Nature Climate Change publishes original research across the physical and social sciences and strives to synthesize interdisciplinary research. The journal follows the standards for high-quality science set by all Nature-branded journals and is committed to publishing top-tier original research in all areas relating to climate change through a fair and rigorous review process, access to a broad readership, high standards of copy editing and production, rapid publication and independence from academic societies and others with vested interests.
Good luck and the Chinese reverse global forest loss
Analysis of 20 years of satellite data has revealed the total amount of vegetation globally has increased by almost 4 billion tonnes of carbon since 2003. This is despite ongoing large-scale deforestation in the tropics.
Solar could meet California energy demand three to five times over
In the face of global climate change, increasing the use of renewable energy resources is one of the most urgent challenges facing the world. Further development of one resource, solar energy, is complicated by the need to ...
Climate change, plant roots may accelerate carbon loss from soils (Update)
Soil, long thought to be a semi-permanent storehouse for ancient carbon, may be releasing carbon dioxide to the atmosphere faster than anyone thought, according to Oregon State University soil scientists.
Global warming doubles risk of extreme La Nina event, study shows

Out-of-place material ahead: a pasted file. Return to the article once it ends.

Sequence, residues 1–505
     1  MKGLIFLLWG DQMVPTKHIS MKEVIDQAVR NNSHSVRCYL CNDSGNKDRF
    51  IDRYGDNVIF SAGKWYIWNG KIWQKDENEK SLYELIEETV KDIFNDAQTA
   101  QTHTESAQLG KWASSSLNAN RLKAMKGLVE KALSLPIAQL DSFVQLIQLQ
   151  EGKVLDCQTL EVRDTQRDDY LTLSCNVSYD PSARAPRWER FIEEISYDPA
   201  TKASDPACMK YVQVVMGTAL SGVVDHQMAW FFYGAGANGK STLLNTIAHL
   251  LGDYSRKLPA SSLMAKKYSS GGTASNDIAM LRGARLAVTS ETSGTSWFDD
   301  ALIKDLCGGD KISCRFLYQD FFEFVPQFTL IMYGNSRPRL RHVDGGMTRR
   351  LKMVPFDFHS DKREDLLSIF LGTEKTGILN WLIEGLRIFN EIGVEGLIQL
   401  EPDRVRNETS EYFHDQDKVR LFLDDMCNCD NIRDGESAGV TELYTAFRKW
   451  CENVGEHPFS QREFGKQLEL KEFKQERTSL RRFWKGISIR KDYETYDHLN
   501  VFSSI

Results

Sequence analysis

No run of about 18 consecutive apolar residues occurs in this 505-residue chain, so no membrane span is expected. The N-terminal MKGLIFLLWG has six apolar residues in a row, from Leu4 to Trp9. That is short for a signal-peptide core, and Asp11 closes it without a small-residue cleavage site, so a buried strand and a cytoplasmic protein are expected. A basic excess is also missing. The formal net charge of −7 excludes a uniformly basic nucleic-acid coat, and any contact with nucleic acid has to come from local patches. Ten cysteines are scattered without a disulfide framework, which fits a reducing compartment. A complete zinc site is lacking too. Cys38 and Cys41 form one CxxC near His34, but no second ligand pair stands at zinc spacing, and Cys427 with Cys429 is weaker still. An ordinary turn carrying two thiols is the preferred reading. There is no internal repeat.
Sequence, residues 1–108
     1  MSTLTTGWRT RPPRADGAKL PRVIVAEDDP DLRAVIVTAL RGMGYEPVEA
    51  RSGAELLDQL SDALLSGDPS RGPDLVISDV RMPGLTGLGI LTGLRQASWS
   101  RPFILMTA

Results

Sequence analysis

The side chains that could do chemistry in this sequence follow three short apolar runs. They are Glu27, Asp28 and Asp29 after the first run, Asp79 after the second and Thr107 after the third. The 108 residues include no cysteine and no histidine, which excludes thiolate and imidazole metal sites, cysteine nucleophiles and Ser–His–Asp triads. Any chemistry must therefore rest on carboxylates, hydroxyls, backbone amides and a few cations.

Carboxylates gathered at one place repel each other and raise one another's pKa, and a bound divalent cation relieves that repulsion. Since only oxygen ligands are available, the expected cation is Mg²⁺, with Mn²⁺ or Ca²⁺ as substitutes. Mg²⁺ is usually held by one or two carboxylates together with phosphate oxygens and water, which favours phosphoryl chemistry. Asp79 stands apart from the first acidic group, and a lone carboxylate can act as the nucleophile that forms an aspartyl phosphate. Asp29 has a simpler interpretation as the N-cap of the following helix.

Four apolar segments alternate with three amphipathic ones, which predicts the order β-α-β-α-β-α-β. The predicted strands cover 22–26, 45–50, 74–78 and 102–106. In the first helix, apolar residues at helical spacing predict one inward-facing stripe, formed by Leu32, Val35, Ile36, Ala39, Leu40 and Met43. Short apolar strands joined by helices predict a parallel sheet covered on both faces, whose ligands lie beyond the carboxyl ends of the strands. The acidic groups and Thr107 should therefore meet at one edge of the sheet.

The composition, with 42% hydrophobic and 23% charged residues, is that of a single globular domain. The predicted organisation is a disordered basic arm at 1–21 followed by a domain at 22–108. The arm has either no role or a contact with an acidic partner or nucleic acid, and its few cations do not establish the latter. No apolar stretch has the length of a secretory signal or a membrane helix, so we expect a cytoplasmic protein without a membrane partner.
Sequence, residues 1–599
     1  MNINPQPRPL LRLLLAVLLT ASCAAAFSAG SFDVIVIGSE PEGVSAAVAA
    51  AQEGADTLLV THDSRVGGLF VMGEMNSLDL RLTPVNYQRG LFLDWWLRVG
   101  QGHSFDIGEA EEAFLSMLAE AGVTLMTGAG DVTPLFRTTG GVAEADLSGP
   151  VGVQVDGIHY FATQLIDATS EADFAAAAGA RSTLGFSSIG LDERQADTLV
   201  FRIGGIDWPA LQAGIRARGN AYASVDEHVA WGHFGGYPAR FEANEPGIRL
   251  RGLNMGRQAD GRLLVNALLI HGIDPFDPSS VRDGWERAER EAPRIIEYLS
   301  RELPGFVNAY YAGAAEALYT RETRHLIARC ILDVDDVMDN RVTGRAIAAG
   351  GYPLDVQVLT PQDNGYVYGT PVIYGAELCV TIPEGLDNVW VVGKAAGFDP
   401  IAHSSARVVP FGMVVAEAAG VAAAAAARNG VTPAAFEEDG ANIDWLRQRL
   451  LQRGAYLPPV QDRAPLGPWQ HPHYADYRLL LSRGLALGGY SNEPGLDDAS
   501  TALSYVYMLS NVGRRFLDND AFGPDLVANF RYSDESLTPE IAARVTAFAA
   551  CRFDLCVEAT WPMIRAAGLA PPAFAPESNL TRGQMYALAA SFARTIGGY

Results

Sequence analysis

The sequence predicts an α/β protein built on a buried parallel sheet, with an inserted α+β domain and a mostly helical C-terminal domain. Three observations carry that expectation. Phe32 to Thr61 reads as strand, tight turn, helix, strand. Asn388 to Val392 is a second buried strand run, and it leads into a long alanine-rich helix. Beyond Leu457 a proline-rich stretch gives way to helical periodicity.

The risk of extreme La Niña events in the Pacific Ocean could double due to global warming, new research has shown.
Climate-change sceptics are more ambivalent than once believed
Using a brand new survey method, researchers in Bergen have asked a broad spectrum of people in Norway about their thoughts on climate change. The answers are quite surprising.
Past warming increased snowfall on Antarctica, affecting global sea level
A new study confirms that snowfall in Antarctica will increase significantly as the planet warms, offsetting future sea level rise from other sources - but the effect will not be nearly as strong as many scientists previously ...
Water fleas genetically adapt to climate change
The water flea has genetically adapted to climate change. Biologists from KU Leuven, Belgium, compared 'resurrected' water fleas—hatched from 40-year-old eggs—with more recent specimens. The project was coordinated by ...
Policy makers should not discount the damages from future climate tipping points
Society should set a high carbon tax now to try and prevent climate change reaching a point of no return according to a new study.
Severe changes in world's leaf growth patterns over past several decades revealed
Extensive worldwide changes in the timing of leaf activity over the past few decades—which may have significant ecological and atmospheric consequences—have been revealed by a University of Otago, New Zealand research ...
Cropping Africa's wet savannas would bring high environmental costs
With the global population rising, analysts and policymakers have targeted Africa's vast wet savannas as a place to produce staple foods and bioenergy groups at low environmental costs. But a new report published in the journal ...